Pregnant women in the UK should be given jabs to ward off seasonal flu, government advisers say.
Seasonal flu kills thousands each year
The flu subgroup of the Joint Committee on Vaccination and Immunisation (JCVI) said the vaccine would help protect women and their unborn babies.
The subgroup said mothers-to-be should get the jab in their second and third trimesters if they are due to give birth during the flu season.
The move still has to get the agreement of JCVI leaders and then ministers.
Flu is estimated to kill several thousand people in the UK each year
10-15% of the population develop flu each year
100,000 flu particles can be projected into the air with just one sneeze
In 12 hours, the flu virus can invade 1 million nose and throat cells
The flu vaccine is currently offered to all over 65s and certain at risk groups such as people with diabetes and respiratory disease.
The experts also recommended extending the at risk group to people with degenerative diseases such as Alzheimer's.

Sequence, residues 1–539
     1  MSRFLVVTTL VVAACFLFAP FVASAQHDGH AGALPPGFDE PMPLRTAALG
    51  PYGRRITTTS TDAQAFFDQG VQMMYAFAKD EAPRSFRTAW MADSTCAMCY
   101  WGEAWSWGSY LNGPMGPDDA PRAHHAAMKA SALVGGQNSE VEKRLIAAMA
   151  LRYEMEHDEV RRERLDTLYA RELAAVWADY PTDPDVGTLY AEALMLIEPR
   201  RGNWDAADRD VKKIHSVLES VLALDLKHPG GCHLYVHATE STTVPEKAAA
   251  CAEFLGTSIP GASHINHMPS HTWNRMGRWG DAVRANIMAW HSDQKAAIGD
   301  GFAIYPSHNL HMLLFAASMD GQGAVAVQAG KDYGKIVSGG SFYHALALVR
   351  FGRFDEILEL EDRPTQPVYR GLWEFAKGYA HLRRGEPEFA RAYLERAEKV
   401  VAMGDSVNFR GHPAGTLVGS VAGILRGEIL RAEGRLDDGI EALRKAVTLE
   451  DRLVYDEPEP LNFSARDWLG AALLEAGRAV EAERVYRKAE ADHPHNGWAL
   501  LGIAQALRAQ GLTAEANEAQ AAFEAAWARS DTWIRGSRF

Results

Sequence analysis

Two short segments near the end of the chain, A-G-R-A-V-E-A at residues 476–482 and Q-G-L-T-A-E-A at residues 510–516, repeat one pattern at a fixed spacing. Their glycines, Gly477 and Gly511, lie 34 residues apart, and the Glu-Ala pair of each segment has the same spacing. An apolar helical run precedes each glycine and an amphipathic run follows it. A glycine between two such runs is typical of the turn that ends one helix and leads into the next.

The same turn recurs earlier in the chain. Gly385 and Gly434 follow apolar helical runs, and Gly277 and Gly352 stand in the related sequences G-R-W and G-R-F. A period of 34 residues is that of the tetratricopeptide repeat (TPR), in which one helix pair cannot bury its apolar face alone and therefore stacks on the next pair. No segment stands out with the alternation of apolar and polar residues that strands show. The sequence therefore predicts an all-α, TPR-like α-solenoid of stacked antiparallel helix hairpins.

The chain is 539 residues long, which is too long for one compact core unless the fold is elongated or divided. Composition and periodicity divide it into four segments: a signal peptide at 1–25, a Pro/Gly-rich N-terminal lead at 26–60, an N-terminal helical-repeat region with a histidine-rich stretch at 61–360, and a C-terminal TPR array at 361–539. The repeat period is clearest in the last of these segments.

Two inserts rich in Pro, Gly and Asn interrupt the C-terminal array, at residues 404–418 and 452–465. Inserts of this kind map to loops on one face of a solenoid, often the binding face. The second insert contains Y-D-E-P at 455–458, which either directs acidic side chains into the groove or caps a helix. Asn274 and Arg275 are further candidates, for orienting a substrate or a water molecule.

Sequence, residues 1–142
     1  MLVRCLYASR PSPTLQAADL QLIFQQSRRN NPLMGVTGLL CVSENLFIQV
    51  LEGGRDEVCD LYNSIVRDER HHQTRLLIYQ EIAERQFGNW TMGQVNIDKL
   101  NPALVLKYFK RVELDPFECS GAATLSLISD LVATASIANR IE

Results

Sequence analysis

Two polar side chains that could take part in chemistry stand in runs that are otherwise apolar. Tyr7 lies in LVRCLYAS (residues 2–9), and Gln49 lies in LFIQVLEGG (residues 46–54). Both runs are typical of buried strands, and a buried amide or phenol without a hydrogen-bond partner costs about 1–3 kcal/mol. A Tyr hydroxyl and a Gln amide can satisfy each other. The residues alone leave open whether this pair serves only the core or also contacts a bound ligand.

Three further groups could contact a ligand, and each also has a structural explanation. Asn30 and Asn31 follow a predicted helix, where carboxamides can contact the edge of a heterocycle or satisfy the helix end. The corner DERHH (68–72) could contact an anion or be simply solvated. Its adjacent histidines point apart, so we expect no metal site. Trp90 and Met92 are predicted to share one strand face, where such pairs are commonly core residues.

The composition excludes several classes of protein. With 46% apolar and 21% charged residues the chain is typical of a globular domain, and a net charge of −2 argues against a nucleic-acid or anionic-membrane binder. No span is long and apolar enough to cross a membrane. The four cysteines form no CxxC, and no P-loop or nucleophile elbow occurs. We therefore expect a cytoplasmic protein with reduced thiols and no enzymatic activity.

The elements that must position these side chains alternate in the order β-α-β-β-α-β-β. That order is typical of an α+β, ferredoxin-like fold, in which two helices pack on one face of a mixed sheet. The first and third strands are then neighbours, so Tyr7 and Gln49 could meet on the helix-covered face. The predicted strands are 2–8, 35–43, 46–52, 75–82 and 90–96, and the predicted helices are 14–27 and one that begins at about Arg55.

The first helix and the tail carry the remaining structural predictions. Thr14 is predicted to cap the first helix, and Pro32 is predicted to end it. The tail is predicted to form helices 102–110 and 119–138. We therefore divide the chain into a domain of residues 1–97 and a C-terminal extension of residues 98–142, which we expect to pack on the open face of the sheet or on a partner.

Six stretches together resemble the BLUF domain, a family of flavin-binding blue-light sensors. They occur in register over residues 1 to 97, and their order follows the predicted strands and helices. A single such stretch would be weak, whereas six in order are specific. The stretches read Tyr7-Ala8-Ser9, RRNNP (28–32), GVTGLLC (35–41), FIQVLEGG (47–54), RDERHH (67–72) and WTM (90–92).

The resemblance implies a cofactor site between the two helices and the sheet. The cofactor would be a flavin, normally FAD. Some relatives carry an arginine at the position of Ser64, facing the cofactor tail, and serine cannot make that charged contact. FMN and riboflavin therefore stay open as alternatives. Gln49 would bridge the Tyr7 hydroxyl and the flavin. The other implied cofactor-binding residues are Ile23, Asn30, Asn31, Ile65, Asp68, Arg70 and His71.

If the recommendations are ratified later this year, the vaccine will be made available in 2007.
In previous years there have been shortages of flu vaccine for those who are already eligible.
The subgroup, led by Simon Kroll, professor of paediatrics and infectious diseases at Imperial College, London, said: "The majority of published work showed that pregnant women are at higher risk of mortality and morbidity in influenza pandemic years.
"In addition to the risk of influenza infection to pregnant women, there may be potential benefits in maternal vaccination to the foetus or newborn."
The sub group noted there was a risk of side-effects, but analysis in the US where pregnant women are given a flu vaccine showed this was small.
It recommended women who are over three months pregnant and due to give birth between November and March should get the jab.
Flu is estimated to kill several thousand people in the UK each year and affects 10 to 15% of the population each year.
Rosie Dodds, of the National Childbirth Trust, said: "Pregnant women are at greater risk of contracting infections because there immune system is compromised by being pregnant.
"But I think if this does happen the risks of side effects will need to be fully explained to women so they can make a choice as there are some vaccines pregnant women are advised not to have."
A Department of Health spokesman said it was still awaiting the JCVI decision, which is expected later this year.